Doggy dangers: An unlucky 13 potential garden hazards for dogs

Dog owners have been warned to steer their pets clear of 13 possible dangers in their gardens this spring.

By John Smith
Tuesday, 26th February 2019, 8:00 am
Play time can suddenly cause problems for you and your dog if you're not careful
Play time can suddenly cause problems for you and your dog if you're not careful

From common plants like tomatoes and lilies, to potentially deadly fruit, fertilisers and weed killers, the garden can pose a number of threats to our four-legged friends.

Now, experts from GardenBuildingsDirect.co.uk have highlighted the most common hazards for you to watch out for with your dog in the garden.

Many Brits might be surprised to learn that the stones and pits in apricots, cherries, plums and peaches contain deadly cyanide. Larger stones could be a choking hazard too, whilst the stems and leaves might also be poisonous.
An exposed pond with vulnerable slopes could mean your dog slips, trips or jumps into the water when unattended and lead to all sorts of difficulties.
Tomatoes, potatoes, azaleas and lilies are just some of the common vegetables and flowers that can be deadly to dogs.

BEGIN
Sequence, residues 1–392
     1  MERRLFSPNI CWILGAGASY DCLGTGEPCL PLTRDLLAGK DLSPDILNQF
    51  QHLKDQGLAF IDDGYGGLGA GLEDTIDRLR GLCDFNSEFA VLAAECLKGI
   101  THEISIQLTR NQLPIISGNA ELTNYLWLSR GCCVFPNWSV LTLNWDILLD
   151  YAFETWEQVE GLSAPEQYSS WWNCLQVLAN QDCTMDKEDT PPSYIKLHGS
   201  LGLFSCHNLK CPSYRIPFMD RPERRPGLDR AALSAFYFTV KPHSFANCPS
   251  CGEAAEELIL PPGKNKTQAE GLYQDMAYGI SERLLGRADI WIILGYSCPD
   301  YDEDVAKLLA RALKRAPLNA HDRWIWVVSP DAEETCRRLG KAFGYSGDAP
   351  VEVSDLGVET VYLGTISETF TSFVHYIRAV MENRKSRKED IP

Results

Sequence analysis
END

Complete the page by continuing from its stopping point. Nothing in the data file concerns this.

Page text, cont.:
Swallowing or even licking many common domestic weed killers could be really risky for dogs and cause breathing or heart problems if enough is consumed.
All dog owners should be well aware that eating chocolate could poison their pet, but garden bedding mulch made from cocoa beans can be dangerous too.
Many typical insecticides and pesticides contain chemicals such as metaldehyde and disulfoton which are a significant threat to dogs, so read the packaging closely and dont buy the product if theres a potential risk.
Many mushrooms are perfectly edible but others can be highly toxic to both dogs and their human owners.
Dogs can catch a dangerous lungworm infection if they accidentally eat a slug or snail that carries the larvae of the parasite.
Some weeds are barbed and meant to burrow into the ground to germinate but this also means they could penetrate a dogs body too and cause internal damage.
Garden compost heaps will usually be packed full of mouldy food and waste, which can produce dangerous mycotoxins which are extremely dangerous to dogs.
All sharp, mechanical and potentially dangerous garden tools or equipment should be securely stored in a shed - a dog could easily injure itself on items left lying around.
Widely available lawn feeds often include ferrous sulphate which has the potential to harm dogs skin and cause gastrointestinal problems or iron poisoning.
A broken backyard fence or collapsed garden wall is a hazard that could fall on to, and hurt, an exploring dog.